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Measuring Performance and Benchmarking Project Management at the Department of Energy FIGURE 3.2 Benchmarking roadmap. SOURCE: Adapted from Camp, 1989. Application at Various Project Phases and Management Levels Benchmarking can and should be used at various levels throughout the organization, but if project improvement is the goal, data will typically be entered at the project level. Program- and department-level measures can be provided by roll-ups of the project-level data. Benchmarking can be applied during various phases of a project for different purposes. When applied early on, such as at project authorization, it can be used to identify characteristics that may be associated with potential future problems and to identify aspects of project management (e.g., risk management) that need special attention to ensure project success. When applied during project execution, it can serve as a project management tool to guide project decisions. Postproject benchmarking is usually used to assess performance of a project delivery system to provide for lessons learned and feedback that can be used to establish benchmarks for future comparisons. Most organizations tend to begin with postproject comparisons and later progress to the earlier uses as confidence in the benchmarking process builds. Over time, when sufficient data are available, trends can be analyzed to provide insight into the performance of project management systems. Since integrated project team (IPT) members will normally have moved on to new projects, trend analyses of project-level cost and schedule metrics would typically be used at program and department levels. Benchmarking needs buy-in at various levels of an organization in order to be successful. Most often, benchmarking is driven from the top. Senior management commitment is critical if resources are to be made available for the process. While benchmarking may succeed with senior management support alone, it is far more likely to succeed if it has the support of middle management and the project team. Furthermore, the project team is far more likely to support the benchmarking initiative if it is understood that the goal is system improvement and not individual or team performance appraisal. The IPT members should be confident that data submitted for benchmarking will not be used for performance appraisals if accurate data are to be obtained.

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Measuring Performance and Benchmarking Project Management at the Department of Energy Validation The validation of benchmarked data is a critical component of any benchmarking system. Some benchmarking services collect data through a survey instrument and then use an experienced analyst to review them. The project team is interviewed to clarify and resolve issues. A different approach to validation is to share responsibility between the project team and an outside organization. The project team is responsible for reviewing the data to be submitted to ensure that they accurately reflect the project’s experience. An independent reviewer serves as an honest broker and validates the data by ensuring their completeness and accuracy. The reviewer should be a trained, independent professional with a good understanding of the data to be collected, the measures to be produced, and the project management process used. A rigorous examination of all data is performed by the service provider as a final check. Whatever approach is used, a validation process assists in maintaining consistency across organizations. IMPLEMENTATION OF BENCHMARKING Benchmarking processes are not easy to implement, and to be successful an organization must overcome numerous barriers. Some private-sector companies fear that they may lose their competitive advantage by sharing information, and others fear exposure of organizational weakness. Use of an identity-blind process, whereby data are posted without attribution, can mitigate these concerns. For some organizations, arrogance is a major obstacle. These organizations may believe they are the best, so why benchmark? As renowned management consultant W. Edwards Deming would probably ask superconfident organizations that lack performance data and comparison to other organizations: How do you know? (Watson, 1992). Other organizations are unaware of the value of benchmarking and believe that benchmarking systems do not adequately address their needs. Benchmarking agreements and training increase familiarity with the benchmarking process and can help to reduce these barriers. One of the greatest barriers to benchmarking is a lack of resources. Most organizations are leaner today than in the past, and dedicating the essential resources can be difficult. For some organizations, project processes and computer systems are not sufficiently developed to easily support benchmarking (CII, 2002). For these organizations the benchmarking process will require more manual intervention and consequently greater resources. As project processes become automated, this barrier should shrink. Lessons Learned Lessons learned from past benchmarking efforts can be helpful for an organization embarking on a benchmarking initiative: Senior management buy-in and support are vital to success, but even with this support, generating enthusiasm is difficult (McCabe, 2001). Department- and program-level champions are essential. Even though projects may be unique, the processes are very similar. A high code of ethics is essential. Benchmarking will be successful only if made an integral part of the project process. Commonly accepted, effective metrics for assessing project performance are necessary to assess the extent to which best practices are used. Input, process, output, and outcome performance measures are necessary, and it is possible to implement them. Performance measures should be applied through a structured benchmarking process. Cost-effective, value-added benchmarking can be implemented through standardization of definitions and application of computer-based technologies.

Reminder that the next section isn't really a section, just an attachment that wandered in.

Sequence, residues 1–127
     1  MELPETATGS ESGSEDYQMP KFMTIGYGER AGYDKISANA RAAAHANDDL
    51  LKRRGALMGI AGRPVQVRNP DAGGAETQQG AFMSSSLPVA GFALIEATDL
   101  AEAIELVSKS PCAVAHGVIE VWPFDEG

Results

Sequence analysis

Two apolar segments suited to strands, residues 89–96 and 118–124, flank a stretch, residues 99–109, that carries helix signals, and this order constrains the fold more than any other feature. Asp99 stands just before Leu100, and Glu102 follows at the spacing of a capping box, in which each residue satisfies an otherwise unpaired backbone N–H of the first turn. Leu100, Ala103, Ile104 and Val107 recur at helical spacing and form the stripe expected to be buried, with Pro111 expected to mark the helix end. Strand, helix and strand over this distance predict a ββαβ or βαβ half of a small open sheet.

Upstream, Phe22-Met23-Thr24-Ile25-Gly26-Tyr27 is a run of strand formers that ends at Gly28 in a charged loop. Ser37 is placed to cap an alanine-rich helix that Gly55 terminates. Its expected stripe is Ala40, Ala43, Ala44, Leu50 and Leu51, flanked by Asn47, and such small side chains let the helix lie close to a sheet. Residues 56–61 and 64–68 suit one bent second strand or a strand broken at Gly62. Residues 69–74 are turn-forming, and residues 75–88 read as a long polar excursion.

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Measuring Performance and Benchmarking Project Management at the Department of Energy REFERENCES Camp, Robert C. 1989. Benchmarking, The Search for Industry Best Practices That Lead to Superior Performance . Portland, Ore.: ASQC Quality Press. CII (Construction Industry Institute). 1995. Construction Industry Institute Data Report. Austin, Tex.: Construction Industry Institute. CII. 2002. Member Company Survey. Austin, Tex.: Construction Industry Institute. CII. 2004. Presentation to the Construction Industry Institute Annual Conference, Vancouver, British Columbia, July 2004. Austin, Tex.: Construction Industry Institute. Drucker, Peter F. 1995. Managing in a Time of Great Change. New York, N.Y.: Penguin Putnam, Inc. Kaplan, Robert S., and David P. Norton. 1996. The Balanced Scorecard. Boston, Mass.: Harvard Business School Press. McCabe, Steven. 2001. Benchmarking in Construction. Oxford, U.K.: Blackwell Science, Ltd. Mikel, Harry, and Richard Schroeder. 1996. SIX SIGMA: The Breakthrough Management Strategy Revolutionizing the World’s Top Corporations. New York, N.Y.: Currency/Doubleday. Poister, Theodore H. 2003. Measuring Performance in Public and Nonprofit Organizations. San Francisco, Calif.: Jossey-Bass. Watson, Gregory H. 1992. The Benchmarking Workbook: Adapting Best Practices for Performance Improvement. Portland, Ore.: Productivity Press.